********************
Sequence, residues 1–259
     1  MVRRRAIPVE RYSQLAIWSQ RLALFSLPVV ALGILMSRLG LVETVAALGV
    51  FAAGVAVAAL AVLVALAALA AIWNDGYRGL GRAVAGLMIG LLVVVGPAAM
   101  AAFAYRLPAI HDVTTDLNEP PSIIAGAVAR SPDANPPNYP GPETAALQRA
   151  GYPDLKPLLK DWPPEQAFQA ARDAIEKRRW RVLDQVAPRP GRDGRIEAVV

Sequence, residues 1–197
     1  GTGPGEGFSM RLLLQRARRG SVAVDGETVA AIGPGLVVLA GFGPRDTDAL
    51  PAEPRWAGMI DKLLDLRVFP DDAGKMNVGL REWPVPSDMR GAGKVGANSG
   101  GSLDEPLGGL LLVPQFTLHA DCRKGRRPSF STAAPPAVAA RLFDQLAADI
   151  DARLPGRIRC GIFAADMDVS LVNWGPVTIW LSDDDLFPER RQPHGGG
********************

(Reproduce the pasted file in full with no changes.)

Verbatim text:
Sequence, residues 1–259
     1  MVRRRAIPVE RYSQLAIWSQ RLALFSLPVV ALGILMSRLG LVETVAALGV
    51  FAAGVAVAAL AVLVALAALA AIWNDGYRGL GRAVAGLMIG LLVVVGPAAM
   101  AAFAYRLPAI HDVTTDLNEP PSIIAGAVAR SPDANPPNYP GPETAALQRA
   151  GYPDLKPLLK DWPPEQAFQA ARDAIEKRRW RVLDQVAPRP GRDGRIEAVV

Sequence, residues 1–197
     1  GTGPGEGFSM RLLLQRARRG SVAVDGETVA AIGPGLVVLA GFGPRDTDAL
    51  PAEPRWAGMI DKLLDLRVFP DDAGKMNVGL REWPVPSDMR GAGKVGANSG
   101  GSLDEPLGGL LLVPQFTLHA DCRKGRRPSF STAAPPAVAA RLFDQLAADI
   151  DARLPGRIRC GIFAADMDVS LVNWGPVTIW LSDDDLFPER RQPHGGG